Dmitry Glukhovsky’s Metro 2033 was something of a phenomenon in his native Russia. Glukhovsky began posting chapters of his work online, soon gathering thousands of followers eager for his next instalment. A book deal was not long in coming and with a videogame adaptation soon after, Metro 2033’s extraordinary success seems fated to continue.
The novel is set in Moscow some years after a nuclear war. Survivors have been driven underground to the city’s subway system to escape an irradiated landscape. Here, they develop independent ‘states’, each based in a particular station. However, flesh-eating mutants known as Dark Ones also dwell in the tunnels making contact and travel dangerous.
Artyom, an inhabitant of the VDNKh station must penetrate the heart of the metro to curtail the spread of the mutants and by doing so save not only his own terminal but perhaps what remains of humanity.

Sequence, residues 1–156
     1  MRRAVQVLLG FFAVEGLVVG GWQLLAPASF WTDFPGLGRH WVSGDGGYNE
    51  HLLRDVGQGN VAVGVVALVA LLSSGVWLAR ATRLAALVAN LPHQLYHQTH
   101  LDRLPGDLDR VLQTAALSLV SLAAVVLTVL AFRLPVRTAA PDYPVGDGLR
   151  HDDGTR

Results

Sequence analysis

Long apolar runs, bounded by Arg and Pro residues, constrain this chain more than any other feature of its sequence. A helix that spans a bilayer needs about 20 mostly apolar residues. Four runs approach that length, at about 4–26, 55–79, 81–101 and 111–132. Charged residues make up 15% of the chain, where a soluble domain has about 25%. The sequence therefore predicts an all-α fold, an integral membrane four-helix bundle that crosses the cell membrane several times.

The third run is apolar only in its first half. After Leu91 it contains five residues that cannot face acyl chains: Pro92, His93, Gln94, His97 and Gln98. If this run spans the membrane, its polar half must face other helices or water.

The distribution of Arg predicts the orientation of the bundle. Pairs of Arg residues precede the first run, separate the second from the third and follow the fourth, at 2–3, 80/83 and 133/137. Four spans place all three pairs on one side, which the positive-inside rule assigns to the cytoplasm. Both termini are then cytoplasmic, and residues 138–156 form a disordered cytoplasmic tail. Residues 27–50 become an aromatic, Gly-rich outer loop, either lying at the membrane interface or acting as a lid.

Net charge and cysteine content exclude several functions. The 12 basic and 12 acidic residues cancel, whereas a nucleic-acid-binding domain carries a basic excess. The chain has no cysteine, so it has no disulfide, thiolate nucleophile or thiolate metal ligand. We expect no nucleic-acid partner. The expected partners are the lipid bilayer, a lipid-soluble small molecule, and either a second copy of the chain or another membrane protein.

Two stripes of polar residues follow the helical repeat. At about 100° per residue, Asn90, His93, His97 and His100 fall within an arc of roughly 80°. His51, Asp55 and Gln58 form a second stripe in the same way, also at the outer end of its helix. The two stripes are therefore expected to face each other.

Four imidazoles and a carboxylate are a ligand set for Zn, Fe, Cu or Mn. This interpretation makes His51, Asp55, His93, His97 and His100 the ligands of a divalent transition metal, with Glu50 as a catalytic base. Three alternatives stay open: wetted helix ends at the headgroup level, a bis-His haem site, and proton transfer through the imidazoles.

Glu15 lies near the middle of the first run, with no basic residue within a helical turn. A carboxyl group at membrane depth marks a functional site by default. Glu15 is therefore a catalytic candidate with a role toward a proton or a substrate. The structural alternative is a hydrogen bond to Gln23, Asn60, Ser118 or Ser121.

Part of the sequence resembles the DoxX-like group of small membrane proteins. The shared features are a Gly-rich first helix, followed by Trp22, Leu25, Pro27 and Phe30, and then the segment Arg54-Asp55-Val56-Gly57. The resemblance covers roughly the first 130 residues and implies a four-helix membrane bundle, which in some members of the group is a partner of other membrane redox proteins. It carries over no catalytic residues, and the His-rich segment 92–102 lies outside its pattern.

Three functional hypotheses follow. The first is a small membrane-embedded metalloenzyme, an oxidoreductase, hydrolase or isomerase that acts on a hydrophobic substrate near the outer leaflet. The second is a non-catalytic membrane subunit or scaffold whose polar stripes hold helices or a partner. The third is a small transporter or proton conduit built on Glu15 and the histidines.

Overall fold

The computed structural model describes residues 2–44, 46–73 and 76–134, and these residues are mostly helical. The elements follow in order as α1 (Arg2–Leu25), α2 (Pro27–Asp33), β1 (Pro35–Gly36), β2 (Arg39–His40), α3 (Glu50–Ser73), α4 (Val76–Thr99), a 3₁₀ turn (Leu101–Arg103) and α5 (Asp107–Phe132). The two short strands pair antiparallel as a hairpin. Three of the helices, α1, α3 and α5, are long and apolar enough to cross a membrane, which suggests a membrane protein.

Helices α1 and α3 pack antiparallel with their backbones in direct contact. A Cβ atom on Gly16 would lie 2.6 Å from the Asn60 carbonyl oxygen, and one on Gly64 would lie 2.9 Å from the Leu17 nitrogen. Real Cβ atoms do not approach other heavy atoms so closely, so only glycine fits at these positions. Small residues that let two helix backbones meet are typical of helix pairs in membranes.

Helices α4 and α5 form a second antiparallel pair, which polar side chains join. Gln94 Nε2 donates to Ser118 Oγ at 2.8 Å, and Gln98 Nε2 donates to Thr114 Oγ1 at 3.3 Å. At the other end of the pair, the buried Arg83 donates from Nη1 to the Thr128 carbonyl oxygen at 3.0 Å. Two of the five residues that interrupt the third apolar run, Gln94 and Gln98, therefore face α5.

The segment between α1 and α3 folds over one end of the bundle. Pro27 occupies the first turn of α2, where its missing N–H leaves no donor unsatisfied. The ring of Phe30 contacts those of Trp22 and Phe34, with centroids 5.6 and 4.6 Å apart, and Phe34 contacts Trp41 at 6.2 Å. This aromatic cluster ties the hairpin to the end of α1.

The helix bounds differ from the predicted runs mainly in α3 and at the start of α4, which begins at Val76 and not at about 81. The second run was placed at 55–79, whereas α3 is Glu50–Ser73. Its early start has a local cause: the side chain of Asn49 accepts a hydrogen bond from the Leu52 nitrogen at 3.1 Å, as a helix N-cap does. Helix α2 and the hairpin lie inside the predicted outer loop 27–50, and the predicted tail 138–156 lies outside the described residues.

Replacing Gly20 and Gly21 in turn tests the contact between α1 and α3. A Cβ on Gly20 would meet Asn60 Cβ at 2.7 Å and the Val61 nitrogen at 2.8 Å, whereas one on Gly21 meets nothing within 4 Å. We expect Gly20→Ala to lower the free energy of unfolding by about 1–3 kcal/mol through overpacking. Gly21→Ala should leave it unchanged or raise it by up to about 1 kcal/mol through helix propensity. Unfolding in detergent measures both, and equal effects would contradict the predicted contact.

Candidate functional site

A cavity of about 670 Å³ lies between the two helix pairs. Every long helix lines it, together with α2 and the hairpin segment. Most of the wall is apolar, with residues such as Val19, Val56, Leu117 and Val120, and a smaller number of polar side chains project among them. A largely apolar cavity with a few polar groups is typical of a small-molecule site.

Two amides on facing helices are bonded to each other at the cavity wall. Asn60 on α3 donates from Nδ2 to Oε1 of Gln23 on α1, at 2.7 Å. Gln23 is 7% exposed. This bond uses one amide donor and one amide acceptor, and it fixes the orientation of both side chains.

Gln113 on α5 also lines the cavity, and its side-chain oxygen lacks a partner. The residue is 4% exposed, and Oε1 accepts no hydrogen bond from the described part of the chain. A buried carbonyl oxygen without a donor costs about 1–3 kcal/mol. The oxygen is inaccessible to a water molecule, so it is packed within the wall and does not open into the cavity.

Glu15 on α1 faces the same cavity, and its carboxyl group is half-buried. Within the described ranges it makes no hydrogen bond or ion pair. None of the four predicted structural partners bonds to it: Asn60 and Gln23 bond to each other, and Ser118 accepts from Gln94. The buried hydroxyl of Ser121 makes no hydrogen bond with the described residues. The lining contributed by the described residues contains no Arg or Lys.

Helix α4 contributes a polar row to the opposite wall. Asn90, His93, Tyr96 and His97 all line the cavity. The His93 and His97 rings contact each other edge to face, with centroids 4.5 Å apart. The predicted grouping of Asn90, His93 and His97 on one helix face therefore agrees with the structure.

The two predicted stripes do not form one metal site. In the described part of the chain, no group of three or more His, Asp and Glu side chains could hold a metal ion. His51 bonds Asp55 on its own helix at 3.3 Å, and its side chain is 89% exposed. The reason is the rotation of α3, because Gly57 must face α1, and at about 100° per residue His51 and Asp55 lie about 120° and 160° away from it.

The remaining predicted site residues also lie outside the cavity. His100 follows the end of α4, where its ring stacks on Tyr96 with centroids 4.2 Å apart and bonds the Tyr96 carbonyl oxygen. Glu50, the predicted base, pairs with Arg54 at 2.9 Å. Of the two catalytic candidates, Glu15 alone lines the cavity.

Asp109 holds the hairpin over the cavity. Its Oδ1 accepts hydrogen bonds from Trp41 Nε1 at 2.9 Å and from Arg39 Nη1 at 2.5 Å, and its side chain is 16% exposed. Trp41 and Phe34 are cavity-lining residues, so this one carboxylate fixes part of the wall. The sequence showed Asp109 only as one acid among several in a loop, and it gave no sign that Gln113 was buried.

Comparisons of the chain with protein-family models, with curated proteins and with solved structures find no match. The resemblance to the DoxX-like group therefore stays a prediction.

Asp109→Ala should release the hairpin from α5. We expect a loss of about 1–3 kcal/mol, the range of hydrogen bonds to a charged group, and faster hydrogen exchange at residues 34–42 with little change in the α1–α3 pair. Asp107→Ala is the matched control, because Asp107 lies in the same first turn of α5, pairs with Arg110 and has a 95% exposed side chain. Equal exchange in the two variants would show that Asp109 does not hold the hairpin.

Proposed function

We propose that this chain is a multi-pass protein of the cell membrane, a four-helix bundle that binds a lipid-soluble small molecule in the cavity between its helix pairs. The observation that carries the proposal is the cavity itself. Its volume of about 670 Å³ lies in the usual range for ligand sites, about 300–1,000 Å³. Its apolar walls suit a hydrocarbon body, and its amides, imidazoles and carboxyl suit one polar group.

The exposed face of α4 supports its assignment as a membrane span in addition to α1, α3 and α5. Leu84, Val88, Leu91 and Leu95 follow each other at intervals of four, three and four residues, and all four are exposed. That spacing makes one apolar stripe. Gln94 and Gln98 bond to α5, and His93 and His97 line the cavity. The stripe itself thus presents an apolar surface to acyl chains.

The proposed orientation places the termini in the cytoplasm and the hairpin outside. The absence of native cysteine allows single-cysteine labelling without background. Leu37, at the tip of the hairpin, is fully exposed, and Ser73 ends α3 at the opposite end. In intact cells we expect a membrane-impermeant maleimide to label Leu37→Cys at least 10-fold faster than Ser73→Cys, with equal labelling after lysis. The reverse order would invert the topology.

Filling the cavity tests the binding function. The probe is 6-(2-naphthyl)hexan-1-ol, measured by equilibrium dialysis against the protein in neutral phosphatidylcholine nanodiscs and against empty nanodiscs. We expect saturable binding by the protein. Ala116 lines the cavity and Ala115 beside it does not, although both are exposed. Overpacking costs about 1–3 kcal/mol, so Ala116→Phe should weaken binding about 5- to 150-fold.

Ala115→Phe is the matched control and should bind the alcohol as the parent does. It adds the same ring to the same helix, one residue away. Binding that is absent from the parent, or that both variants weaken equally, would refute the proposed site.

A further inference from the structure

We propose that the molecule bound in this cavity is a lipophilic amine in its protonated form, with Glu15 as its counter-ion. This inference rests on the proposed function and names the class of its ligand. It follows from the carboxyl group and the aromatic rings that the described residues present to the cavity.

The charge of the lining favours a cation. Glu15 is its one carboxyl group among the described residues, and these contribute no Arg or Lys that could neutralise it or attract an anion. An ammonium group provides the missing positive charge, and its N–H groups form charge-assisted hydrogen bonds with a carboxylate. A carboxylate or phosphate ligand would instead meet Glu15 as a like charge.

It’s a great premise – essentially, Metro 2033 is a modern-day Gulliver’s Travels in which Glukhovsky comments on the socio-political landscape of Russia. The metro has Nazis, radical Christians, Communists and more – none of whom are spared sharp examination.
However, the book’s transcription leaves no room for subtlety, the prose often feeling like a first-person stream of consciousness tacked onto a loose plot. It left us wishing that we’d studied Russian, because underneath the clumsy phrasing it’s clear that Glukhovsky has a brilliant concept made more intriguing by its disparity to a western mindset.
Metro 2033 is an intellectual and fascinating novel, a five star book in its native language – but it’s gutting that much of its impact is lost in translation.
[isbn name=”Metro 2033″]978-0575086241[/isbn]